The nice thing with this setup is that you can control it all centrally from the appliance (via a browser); adding or removing pc's from each group, or modifying the policies for each group as needed, without touching the PC's. Not to mention you can enable intrustion prevention, Antivirus, SPAM filtering, and VPNs on the firewall if you are interested in those also.
Thr problem is that most NAT Software, Hardware appliances, etc, use dynamic addressing, via DHCP, so setting rules by address would not work very well. Its the way that DHCP works. This was all part of the networking course I had in college, back in 1999.
Showing your limited scope of knowledge again Charles.
Reservations - look them up, allow you to enter a MAC address and have the DHCP service re-issue the same IP to the same node each time.
Additionally, a fixed IP would also allow rules based on IP for filtering.
So, as with my WatchGuard Firewall and Web Blocker service, I can set all Dynamic IP devices to be on a filtered connection and then a specific range of fixed IP's to be on an unfiltered connection through the firewall - heck, I can even authenticate with the firewall from any "Filtered" location and due to a "User" rule I can even bypass the Filtering at a filtered location.
You really need to learn more about networking Charles.
But you are talking about very expensive stuff that only very large ISPs can afford to use. Your typical garden varity NAt software or harware appliance, that you mgiht find in your home or office, is not going to have this. Only the largest of corporations can afford systems sophisticated enough for DHCP reservation.
No, that's asking to much for Charles to learn ANYTHING beyond what was taught in his single networking class.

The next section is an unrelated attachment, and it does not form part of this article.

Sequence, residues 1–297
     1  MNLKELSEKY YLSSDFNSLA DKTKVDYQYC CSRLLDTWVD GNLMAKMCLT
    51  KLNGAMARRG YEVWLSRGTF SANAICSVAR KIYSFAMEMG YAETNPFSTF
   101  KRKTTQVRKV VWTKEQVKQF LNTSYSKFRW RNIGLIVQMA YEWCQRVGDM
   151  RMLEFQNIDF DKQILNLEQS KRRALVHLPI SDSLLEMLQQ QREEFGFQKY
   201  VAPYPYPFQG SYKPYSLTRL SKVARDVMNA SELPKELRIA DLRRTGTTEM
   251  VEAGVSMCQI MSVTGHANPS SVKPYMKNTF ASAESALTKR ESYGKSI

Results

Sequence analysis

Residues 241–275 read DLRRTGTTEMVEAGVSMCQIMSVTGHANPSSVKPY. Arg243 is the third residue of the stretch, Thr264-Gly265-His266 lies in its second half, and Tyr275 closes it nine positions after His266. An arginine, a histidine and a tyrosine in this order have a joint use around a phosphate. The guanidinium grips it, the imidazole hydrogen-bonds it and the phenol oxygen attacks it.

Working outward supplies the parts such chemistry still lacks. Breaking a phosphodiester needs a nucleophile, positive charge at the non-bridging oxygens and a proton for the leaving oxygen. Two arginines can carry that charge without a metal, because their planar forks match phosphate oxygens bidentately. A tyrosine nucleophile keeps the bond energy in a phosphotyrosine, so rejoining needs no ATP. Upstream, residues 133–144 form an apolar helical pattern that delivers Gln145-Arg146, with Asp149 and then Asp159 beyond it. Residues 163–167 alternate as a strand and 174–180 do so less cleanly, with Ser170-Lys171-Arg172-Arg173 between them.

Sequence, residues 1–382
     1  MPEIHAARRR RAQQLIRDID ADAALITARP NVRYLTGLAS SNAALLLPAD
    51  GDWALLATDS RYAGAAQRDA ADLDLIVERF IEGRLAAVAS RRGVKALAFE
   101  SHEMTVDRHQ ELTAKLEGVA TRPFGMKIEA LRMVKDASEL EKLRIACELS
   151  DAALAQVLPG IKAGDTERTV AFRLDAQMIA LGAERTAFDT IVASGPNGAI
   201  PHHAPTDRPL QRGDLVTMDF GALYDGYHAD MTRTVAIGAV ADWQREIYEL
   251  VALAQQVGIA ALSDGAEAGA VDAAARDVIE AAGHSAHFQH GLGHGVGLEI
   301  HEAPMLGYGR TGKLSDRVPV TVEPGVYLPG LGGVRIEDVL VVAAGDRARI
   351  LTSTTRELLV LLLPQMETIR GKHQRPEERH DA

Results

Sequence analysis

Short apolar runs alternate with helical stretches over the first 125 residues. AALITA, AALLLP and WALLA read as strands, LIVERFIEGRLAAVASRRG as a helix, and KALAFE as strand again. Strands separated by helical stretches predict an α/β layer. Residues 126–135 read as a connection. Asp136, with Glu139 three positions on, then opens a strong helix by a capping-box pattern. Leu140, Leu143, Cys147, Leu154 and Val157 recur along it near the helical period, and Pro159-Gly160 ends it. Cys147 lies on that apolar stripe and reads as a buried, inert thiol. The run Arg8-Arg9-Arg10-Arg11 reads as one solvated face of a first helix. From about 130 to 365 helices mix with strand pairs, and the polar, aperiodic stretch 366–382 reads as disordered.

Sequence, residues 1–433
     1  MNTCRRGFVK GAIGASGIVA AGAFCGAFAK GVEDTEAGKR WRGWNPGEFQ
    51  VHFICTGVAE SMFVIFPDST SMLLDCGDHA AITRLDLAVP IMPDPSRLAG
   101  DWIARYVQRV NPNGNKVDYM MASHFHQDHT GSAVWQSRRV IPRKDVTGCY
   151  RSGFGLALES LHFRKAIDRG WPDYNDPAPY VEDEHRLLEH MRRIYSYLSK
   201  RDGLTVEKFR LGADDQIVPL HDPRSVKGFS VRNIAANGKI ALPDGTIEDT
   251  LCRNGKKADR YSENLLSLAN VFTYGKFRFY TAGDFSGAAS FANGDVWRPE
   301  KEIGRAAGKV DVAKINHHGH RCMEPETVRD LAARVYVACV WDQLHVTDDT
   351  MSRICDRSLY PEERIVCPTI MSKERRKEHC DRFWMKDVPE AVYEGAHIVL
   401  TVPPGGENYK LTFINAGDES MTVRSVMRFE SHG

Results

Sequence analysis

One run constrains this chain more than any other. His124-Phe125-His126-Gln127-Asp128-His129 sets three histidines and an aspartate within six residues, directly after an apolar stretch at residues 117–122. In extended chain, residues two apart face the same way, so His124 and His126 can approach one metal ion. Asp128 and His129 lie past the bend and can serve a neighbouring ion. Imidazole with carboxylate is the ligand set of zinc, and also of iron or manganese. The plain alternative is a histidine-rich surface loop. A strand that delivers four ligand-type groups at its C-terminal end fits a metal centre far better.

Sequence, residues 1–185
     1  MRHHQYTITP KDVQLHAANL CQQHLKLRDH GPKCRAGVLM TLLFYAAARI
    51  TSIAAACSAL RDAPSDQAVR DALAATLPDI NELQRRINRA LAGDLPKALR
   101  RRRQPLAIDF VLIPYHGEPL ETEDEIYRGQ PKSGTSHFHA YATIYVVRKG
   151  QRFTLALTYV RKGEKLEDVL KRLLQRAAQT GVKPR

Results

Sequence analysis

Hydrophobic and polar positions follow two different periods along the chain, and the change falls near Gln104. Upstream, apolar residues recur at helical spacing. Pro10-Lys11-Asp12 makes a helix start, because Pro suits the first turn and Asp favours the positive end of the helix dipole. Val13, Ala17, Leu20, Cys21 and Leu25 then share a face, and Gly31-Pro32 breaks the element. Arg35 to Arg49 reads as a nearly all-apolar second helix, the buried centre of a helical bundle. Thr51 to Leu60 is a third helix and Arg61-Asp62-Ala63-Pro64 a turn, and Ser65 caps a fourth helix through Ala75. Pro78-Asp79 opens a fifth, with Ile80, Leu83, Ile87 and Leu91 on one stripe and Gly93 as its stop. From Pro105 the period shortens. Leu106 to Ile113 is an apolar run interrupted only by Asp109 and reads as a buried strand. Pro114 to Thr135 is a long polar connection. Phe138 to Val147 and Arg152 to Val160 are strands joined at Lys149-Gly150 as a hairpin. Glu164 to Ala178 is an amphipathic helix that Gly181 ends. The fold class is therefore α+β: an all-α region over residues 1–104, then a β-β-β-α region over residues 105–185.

Talk to your experts at CompUSA - DHCP reservations have been an available part of most DHCP servers from the beginning, including very specifically the _free_ versions that come with *BSDs or Linux. It's been part of the DHCP specification since 1993 (see page 2 of RFC1541 dated October 1993), and the ISC server found on many UNIX have had that capability even longer.
Seriously Charles, have you ever looked -- in this decade, anyway? The last few times I was helping some guy out with his $49 linksys or d-link router, or even the freebee router from Comcast, The DHCP server had reservation capabilities, which is how I implemented the port forwarded server that they were asking for help with. DHCP reservation is garden variety, dull, simple networking. I think at some point some place I have seen a DHCP server without reservation capability, but I can't remember for sure.
"Only the largest of corporations can afford..." really it's quite funny. About the only thing that's left in the space that "only the largest of corporations" can afford is sophisticated application firewalls like
or sophisticated access control devices like
and devices in the SOHO to medium office space are peeling back those functionalities every day, as is the open source community. Individual systems that used to cost thousands or tens of thousands are now bundled up on boxes starting under $1000, or can be assembled out of various bits of open source if you have the time and the skills.